Of course, that's just an educated hunch. But there is another consideration to keep in mind outside the front-burner issue of the Syrian civil war: the Kurds. For years, Masoud Barzani, president of the Iraqi Kurdistan Region, has used F-16s as a talking point. "Barzani has said repeatedly that they fear that Maliki would use a new and improved air force against them."

All these factors have loomed heavily over the U.S. decision to drag out the delivery of F-16s to Iraq, creating a number of interesting dynamics. "The wait for the F-16s -- which I expect will appear eventually -- actually helps the Iraqi government," Wicken said. "They can plausibly deny that they are sanctioning the Iranian overflights and blame the U.S,. preserving a sort of uneasy neutrality."

But Faily insists the Iraqi government is playing it straight and is cooperating with the Obama administration in any way it can. "We've demanded the Iranians not use us as a corridor. We don't want Iraq to be a corridor for weapons to Syria," said Faily. "But we don't have the capability to stop it."

The Cable

Will The ‘Benghazi Scapegoat' Ever Testify?

In an unexpected turn of events, Raymond Maxwell -- a.k.a. the "Benghazi Scapegoat," a.k.a. the only official at a critical State Department bureau to lose his job after the Sept. 11 attack -- will not testify this week before the House Foreign Affairs Committee as scheduled. Earlier in the week, sources told The Cable that Maxwell was getting cold feet. Meanwhile his association and Republican staffers on the committee refused to confirm his attendance.

Now, Rep. Ed Royce, chairman of the committee, says the hearing has been postponed. "Thursday's hearing is postponed. Mr. Raymond Maxwell and others will testify before the House Foreign Affairs Committee in September," said the congressman. "The Committee will continue its work reforming the Accountability Review Board process that investigated the facts surrounding the terrorist attacks in Benghazi, Libya."

Maxwell, the former deputy assistant secretary for Maghreb affairs, was placed on administrative leave following the attack that killed four Americans including Ambassador Chris Stevens. He insists he had no role in denying embassy requests for back up and has described the department's investigation into whether he should be fired as a "lynching."

"I had no involvement to any degree with decisions on security and the funding of security at our diplomatic mission in Benghazi," he told The Daily Beast in May.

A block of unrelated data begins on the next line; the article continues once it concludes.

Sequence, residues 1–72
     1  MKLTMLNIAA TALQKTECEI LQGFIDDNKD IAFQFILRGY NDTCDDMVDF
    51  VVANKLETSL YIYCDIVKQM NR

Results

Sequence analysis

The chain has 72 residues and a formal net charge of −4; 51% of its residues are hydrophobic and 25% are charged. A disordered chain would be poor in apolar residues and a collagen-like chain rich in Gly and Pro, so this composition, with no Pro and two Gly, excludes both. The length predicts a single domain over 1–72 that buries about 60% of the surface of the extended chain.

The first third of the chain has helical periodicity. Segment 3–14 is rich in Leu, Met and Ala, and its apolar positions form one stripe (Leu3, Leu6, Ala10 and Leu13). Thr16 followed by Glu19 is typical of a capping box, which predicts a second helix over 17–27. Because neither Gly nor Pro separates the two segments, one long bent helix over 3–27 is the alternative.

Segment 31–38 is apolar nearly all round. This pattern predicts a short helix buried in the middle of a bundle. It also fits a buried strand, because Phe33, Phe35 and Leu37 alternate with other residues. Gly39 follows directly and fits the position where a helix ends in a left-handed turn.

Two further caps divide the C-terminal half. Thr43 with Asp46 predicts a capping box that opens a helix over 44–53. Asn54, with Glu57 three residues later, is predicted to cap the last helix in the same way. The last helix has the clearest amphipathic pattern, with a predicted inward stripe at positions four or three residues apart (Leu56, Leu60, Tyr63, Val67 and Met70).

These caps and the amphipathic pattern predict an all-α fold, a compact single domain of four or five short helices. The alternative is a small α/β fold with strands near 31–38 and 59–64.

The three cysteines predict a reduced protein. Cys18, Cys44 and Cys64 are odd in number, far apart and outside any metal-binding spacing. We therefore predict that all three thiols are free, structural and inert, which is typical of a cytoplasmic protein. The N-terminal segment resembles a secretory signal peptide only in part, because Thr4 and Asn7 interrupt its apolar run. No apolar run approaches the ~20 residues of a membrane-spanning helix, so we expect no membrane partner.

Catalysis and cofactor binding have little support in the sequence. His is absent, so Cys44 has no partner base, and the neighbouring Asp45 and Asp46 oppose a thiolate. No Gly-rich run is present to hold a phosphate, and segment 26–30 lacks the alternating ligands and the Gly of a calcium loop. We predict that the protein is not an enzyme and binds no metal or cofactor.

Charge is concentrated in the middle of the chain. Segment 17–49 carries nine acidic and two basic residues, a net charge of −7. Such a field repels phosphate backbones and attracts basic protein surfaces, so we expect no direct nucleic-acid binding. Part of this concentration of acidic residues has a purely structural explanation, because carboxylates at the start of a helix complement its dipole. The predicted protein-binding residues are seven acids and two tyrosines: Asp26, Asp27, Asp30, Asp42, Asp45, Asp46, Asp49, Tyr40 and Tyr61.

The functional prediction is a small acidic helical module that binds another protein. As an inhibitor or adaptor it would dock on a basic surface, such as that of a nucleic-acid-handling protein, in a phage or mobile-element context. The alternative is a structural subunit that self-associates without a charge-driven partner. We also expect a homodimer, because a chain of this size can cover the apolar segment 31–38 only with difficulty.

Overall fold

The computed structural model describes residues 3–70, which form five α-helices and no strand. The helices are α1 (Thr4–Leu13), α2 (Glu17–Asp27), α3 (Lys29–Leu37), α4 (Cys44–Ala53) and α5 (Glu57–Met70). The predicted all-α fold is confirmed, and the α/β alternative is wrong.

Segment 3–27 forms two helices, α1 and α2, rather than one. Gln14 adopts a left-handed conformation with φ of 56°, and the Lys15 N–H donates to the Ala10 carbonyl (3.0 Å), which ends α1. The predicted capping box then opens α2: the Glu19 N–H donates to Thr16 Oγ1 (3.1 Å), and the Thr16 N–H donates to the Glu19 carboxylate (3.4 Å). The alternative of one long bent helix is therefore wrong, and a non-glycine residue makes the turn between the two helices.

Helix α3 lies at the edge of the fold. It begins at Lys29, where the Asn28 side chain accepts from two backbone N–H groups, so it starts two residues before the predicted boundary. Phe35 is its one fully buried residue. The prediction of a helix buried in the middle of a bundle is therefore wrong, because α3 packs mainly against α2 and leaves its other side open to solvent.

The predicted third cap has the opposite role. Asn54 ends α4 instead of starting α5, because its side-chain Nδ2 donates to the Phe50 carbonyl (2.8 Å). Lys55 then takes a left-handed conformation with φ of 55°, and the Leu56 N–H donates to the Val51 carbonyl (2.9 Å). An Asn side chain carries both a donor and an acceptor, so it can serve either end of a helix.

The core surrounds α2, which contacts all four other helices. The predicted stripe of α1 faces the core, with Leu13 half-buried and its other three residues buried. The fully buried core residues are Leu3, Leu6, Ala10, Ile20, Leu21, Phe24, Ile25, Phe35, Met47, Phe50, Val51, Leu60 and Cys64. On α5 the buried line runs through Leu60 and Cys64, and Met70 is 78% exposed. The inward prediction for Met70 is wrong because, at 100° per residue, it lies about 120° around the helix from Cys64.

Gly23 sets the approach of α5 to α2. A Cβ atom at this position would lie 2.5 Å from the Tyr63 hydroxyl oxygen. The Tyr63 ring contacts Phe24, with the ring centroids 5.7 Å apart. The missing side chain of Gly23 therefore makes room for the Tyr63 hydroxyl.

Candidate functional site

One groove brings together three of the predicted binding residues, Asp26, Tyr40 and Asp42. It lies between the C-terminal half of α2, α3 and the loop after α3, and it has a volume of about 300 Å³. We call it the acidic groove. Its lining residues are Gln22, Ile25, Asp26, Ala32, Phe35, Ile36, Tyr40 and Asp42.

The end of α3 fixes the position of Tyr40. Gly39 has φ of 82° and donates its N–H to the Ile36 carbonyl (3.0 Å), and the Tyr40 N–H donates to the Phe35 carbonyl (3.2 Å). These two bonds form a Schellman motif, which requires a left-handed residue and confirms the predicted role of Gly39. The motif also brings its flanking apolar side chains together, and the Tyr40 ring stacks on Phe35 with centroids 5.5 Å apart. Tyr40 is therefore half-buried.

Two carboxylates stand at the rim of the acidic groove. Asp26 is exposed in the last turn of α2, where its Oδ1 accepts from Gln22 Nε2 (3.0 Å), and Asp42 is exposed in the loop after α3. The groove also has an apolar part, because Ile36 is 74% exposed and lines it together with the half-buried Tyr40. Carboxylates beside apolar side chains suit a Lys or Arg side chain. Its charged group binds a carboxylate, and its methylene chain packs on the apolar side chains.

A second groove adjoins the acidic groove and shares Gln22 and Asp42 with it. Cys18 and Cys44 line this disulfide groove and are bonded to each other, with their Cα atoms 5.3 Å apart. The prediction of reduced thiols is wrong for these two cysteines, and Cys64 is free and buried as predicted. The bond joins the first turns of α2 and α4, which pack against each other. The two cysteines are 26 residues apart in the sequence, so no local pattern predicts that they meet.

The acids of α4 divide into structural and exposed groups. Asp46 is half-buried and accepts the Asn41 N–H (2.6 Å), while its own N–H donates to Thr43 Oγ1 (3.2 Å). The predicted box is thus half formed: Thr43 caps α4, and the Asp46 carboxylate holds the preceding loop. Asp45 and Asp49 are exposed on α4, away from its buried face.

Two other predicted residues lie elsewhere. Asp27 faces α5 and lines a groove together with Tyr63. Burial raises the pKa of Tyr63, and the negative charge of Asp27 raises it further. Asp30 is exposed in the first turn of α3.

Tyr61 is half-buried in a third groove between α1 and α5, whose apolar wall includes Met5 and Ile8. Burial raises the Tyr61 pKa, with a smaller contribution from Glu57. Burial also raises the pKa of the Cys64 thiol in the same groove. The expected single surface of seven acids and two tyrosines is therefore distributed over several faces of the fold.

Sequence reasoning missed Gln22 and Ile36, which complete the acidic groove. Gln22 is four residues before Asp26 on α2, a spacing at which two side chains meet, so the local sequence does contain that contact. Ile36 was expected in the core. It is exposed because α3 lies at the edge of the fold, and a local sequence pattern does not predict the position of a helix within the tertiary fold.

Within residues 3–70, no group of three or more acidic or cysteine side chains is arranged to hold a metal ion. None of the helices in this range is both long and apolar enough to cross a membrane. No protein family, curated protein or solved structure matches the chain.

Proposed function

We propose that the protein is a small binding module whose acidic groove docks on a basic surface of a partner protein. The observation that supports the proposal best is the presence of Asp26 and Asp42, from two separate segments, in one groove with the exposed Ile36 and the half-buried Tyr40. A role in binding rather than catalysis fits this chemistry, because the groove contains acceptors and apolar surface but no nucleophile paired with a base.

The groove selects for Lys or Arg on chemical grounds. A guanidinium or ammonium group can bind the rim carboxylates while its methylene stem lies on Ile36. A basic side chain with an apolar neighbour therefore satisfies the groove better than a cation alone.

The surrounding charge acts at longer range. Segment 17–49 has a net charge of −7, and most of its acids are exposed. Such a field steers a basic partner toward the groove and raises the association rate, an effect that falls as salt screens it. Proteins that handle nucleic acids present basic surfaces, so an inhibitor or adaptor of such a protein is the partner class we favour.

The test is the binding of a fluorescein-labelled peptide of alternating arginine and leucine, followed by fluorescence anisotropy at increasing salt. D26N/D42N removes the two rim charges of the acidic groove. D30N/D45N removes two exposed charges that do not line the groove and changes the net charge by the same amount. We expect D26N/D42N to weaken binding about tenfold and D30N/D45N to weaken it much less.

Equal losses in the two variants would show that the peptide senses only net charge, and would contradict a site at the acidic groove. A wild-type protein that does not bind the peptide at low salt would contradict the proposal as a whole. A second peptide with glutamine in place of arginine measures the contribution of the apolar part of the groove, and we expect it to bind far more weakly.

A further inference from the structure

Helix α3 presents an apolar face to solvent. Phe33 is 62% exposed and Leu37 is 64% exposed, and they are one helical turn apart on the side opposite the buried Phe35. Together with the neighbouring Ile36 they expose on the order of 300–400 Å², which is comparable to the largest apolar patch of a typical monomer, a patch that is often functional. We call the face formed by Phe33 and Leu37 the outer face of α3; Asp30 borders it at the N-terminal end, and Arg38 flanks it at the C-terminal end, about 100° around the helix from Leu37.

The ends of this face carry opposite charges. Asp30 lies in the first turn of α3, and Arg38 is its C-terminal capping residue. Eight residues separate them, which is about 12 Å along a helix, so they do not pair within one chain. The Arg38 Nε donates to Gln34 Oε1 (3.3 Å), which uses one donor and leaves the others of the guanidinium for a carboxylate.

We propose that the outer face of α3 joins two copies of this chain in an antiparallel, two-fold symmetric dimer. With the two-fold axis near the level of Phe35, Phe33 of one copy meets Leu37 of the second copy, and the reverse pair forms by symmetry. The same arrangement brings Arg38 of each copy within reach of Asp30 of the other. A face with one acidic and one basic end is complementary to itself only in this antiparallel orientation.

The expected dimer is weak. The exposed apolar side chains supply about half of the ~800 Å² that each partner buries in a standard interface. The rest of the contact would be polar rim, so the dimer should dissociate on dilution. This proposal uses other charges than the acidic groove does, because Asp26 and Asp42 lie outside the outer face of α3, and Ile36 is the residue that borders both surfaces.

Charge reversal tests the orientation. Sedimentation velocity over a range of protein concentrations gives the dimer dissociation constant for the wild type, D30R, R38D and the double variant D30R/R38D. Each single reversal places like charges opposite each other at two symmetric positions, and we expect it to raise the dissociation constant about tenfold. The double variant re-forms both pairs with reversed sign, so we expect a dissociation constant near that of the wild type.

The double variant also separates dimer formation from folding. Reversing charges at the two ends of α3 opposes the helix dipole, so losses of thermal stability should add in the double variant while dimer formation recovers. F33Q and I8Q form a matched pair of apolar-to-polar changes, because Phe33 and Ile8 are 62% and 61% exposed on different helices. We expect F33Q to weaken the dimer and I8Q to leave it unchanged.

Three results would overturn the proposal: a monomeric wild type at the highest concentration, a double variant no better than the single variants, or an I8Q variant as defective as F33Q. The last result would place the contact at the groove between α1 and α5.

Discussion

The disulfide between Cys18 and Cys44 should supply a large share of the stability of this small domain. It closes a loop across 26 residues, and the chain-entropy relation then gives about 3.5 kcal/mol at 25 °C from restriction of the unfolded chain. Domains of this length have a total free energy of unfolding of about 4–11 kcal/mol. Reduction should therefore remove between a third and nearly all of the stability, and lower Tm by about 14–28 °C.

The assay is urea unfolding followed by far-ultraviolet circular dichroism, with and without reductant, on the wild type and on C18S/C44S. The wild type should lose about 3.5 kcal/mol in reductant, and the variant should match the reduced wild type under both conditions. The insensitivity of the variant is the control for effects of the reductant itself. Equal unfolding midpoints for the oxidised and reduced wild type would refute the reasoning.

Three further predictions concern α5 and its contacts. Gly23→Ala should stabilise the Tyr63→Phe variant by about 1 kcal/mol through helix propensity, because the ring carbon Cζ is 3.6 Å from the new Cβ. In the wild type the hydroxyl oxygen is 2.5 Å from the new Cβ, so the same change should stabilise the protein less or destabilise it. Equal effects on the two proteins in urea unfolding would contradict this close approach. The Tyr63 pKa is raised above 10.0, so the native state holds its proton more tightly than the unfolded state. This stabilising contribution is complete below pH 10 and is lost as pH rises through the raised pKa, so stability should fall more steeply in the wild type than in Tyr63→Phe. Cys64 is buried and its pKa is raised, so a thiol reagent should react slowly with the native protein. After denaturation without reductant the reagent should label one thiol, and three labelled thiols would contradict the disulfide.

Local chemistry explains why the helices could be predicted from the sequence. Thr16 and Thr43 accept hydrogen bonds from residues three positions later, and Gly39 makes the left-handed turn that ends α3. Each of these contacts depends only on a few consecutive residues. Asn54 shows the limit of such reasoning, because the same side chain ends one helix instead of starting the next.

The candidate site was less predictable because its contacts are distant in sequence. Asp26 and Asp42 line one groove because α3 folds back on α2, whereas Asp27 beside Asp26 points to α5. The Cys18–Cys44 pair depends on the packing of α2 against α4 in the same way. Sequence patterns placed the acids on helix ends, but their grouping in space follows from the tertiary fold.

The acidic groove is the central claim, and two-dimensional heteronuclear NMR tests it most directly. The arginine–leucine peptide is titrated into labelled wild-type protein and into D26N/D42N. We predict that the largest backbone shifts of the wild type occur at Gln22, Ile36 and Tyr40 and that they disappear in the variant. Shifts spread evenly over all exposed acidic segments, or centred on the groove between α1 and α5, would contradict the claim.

A source says Maxwell may have gotten cold feet given that he was the only State Department employee willing to testify this week. It's possible that a postponed meeting will give the committee more time to include other State Department officials in the hearing, but it's too soon to say. 

Maxwell's claim of institutional betrayal has made him a hot commodity among House lawmakers. Besides his scheduled testimony with HFAC, the House Oversight Committee led by California Republican Darrell Issa has also expressed interest in hearing from Maxwell. The thrust of the Maxwell narrative is that senior State Department officials were given a pass while Maxwell, who claims he had nothing to do with security failures, took the blame.

That's precisely the point lawmakers such as Issa have spent months trying to prove -- an effort that has resulted in a slew of subpoenas for officials and documents from top aides to former Secretary of State Hillary Clinton. While Clinton has been viewed as a target of House lawmakers, others have come under scrutiny: Beth Jones, then-acting assistant secretary of Near Eastern Affairs, and Cheryl Mills, Clinton's then-chief of staff, to name two.

According to Maxwell's statements to The Daily Beast, Jones told him, "Cheryl Mills directed me to remove you immediately from the [deputy assistant secretary] position." The Beast article suggested that Maxwell's punishment contradicted the ARB report, given that the ARB co-chair Thomas Pickering claimed the "assistant-secretary level ... is in our view the appropriate place to look, where the decision making in fact takes place, where, if you like, the rubber hits the road."